Changes to your calcium levels
Ibandronic acid can affect the
Symptoms of too much calcium include:
- feeling tired and weak
- tummy, bone or joint pain
- feeling like you want to pass urine often
Symptoms of too little calcium include:
- tingling or burning in your fingertips and toes
- aching muscles
- muscle cramps
- tiredness and weakness
- dry skin
You have regular blood tests to monitor your calcium levels. Contact the advice line or tell your doctor or nurse if you have any of these symptoms
Headaches and dizziness
Let your doctor or nurse know if you have headaches. They can give you painkillers. Don’t drive or operate machinery if you feel dizzy.
Taste changes may make you go off certain foods and drinks. You may also find that some foods taste different from usual or that you prefer to eat spicier foods. Your taste gradually returns to normal a few weeks after your treatment finishes.
Clouding of the lens of the eye (cataract)
A cataract is clouding of the lens of the eye which leads to slow loss of vision. You might experience:
- cloudy or blurry vision
- trouble seeing in the dark– night driving may be difficult
- colours may appear faded or dull
- lights appear to be too bright, or there may be a halo around lights
- double vision, which gradually gets worse
Let your doctor or nurse know if you have any of these changes.
Heart problems include changes in how your heart works. These changes might cause you to feel faint and dizzy.
Much less common, it might also cause feelings of your heart to beat faster (palpitations), heart attack or high blood pressure.
Tell your doctor or nurse immediately if any of these happen to you, or you have chest pain.
Your throat might get sore. It may be painful to swallow drinks or food. You can have painkillers to reduce the soreness. Take them half an hour before meals to make eating easier.
Tell your doctor or nurse if your throat is sore.
Contact your advice line if you have diarrhoea, such as if you've had 4 or more loose watery poos (stools) in 24 hours. Or if you can't drink to replace the lost fluid. Or if it carries on for more than 3 days.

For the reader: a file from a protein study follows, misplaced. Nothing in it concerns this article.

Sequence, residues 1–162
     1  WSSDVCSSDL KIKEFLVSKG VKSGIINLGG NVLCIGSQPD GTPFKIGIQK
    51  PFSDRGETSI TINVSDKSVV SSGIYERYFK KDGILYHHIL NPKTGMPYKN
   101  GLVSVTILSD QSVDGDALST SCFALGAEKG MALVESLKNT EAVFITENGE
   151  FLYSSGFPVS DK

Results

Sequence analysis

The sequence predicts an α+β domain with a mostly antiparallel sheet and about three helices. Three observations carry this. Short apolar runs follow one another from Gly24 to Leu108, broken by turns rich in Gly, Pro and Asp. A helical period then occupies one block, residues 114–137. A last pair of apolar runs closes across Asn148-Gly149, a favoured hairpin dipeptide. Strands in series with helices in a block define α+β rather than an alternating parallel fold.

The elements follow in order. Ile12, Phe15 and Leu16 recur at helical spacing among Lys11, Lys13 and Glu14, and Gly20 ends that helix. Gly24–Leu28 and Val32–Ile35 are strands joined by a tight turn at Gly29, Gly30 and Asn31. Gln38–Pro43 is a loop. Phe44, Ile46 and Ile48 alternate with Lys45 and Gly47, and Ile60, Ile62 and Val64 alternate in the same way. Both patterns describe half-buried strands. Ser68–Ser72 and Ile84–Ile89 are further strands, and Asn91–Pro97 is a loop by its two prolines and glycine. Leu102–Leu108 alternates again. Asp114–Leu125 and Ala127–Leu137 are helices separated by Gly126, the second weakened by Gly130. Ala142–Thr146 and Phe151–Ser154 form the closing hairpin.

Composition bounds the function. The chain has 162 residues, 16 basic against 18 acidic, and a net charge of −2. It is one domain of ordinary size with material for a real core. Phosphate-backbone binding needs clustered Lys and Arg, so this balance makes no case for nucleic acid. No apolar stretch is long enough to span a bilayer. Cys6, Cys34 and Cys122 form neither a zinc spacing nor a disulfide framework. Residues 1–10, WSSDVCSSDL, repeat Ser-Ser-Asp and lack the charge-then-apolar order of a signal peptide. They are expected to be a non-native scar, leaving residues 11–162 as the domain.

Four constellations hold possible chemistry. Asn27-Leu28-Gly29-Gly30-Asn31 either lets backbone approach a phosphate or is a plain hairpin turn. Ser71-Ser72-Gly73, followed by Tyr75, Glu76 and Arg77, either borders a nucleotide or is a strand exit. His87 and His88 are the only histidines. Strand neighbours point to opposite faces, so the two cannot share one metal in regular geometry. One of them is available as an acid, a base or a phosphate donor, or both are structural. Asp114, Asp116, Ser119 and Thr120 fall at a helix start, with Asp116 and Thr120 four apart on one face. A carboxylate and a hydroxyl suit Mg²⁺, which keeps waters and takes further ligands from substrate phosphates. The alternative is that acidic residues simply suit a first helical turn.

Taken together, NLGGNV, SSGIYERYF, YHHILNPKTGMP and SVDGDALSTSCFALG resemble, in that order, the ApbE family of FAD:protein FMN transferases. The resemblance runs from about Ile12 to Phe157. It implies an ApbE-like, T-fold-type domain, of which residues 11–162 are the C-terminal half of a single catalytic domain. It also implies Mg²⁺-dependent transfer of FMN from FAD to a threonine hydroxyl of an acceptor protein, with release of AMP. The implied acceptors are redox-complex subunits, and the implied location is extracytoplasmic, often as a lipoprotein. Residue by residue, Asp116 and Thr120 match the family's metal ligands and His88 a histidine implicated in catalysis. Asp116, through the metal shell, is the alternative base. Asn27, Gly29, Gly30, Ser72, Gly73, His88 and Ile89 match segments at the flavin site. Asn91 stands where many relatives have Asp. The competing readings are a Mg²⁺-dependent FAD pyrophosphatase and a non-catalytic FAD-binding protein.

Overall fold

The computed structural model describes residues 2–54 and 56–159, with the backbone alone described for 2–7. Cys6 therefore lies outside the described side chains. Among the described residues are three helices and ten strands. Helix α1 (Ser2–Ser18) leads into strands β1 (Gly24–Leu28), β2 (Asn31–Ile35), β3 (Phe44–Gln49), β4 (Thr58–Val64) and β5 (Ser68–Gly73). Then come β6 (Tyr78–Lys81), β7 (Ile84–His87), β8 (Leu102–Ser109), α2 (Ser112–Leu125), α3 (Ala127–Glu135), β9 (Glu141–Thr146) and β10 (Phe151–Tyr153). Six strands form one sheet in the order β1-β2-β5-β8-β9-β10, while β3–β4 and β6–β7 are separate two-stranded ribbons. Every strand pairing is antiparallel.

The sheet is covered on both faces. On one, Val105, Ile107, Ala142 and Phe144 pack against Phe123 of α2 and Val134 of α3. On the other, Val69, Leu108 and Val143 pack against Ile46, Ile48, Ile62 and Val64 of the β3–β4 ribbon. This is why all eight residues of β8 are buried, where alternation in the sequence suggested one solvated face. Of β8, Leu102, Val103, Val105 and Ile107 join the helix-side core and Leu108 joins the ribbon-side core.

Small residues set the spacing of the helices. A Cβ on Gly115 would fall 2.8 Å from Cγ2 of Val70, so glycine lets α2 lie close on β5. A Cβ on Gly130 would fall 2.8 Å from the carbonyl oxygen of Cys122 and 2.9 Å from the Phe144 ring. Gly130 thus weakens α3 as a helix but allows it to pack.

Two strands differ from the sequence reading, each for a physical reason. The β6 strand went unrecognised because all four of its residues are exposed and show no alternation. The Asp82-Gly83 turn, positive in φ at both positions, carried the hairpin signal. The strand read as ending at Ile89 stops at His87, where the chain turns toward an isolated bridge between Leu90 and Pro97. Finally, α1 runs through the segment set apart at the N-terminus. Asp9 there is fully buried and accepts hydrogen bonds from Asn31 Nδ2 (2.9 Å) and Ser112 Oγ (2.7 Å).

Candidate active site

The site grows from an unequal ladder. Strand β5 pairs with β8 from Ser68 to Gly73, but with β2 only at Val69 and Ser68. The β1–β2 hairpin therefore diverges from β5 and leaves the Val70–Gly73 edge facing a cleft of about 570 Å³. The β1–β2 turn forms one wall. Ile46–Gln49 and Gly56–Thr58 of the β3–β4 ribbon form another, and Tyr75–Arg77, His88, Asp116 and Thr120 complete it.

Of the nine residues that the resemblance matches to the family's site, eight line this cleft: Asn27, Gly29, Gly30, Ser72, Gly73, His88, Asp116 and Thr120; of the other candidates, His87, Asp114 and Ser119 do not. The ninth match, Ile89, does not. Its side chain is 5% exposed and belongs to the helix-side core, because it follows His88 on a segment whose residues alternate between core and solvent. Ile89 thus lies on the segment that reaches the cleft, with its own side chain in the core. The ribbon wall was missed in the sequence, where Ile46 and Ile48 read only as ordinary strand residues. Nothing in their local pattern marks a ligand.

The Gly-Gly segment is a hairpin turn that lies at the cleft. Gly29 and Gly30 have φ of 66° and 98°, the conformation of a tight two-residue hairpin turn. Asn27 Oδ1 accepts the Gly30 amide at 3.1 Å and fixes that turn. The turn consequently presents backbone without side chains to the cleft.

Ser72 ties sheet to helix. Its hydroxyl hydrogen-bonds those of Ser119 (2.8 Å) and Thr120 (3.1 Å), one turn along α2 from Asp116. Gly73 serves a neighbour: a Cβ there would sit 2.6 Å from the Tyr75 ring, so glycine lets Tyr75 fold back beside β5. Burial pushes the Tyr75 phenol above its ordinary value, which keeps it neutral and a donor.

Your doctor may give you anti diarrhoea medicine to take home with you after treatment. Eat less fibre, avoid raw fruits, fruit juice, cereals and vegetables, and drink plenty to replace the fluid lost.
Much less common this drug can cause inflammation of the bowel from infection.
Feeling sick (nausea)
Feeling sick is usually well controlled with anti sickness medicines. Avoiding fatty or fried foods, eating small meals and snacks, drinking plenty of water, and relaxation techniques can all help.
It is important to take anti sickness medicines as prescribed even if you don’t feel sick. It is easier to prevent sickness rather than treating it once it has started.
Indigestion or heartburn
Contact your doctor or pharmacist if you have indigestion or heartburn. They can prescribe medicines to help.
Problems with your teeth
You might get tooth problems while having this drug. Make sure you’re brushing your teeth at least twice a day. Have regular check ups with your dentist. Report any problems with your teeth to your doctor or nurse.
Tummy (abdominal) pain
Tell your doctor or nurse if you have this. They can check for the cause of the pain and give you medicine to help.
Skin problems that might happen include a skin rash, dryness, itching. You might also get skin colour changes that are flat and look blue or purple in colour like a bruise. It is because blood has leaked from very small blood vessels. It usually gets better after a few weeks.
Much less common you might develop a non cancerous skin growth and rash with this drug.
Pain and stiffness in your joint, bone or muscle
You might feel some aches, pains and stiffness in your joints, bones and muscles. This can make it difficult to get around. Speak to your doctor or nurse about what painkillers you can take to help with this.
Swelling of the legs and feet
Swelling of legs and feet is due to fluid build up. This is called oedema. Let your doctor or nurse know if you have any swelling.
Lack of energy and strength
This is usually mild. You can do things to help yourself, including some gentle exercise. It’s important not to push yourself too hard and eat a well balanced diet.
Talk to your doctor or nurse if this effect is stopping you from doing your usual daily activities.
Feeling very thirsty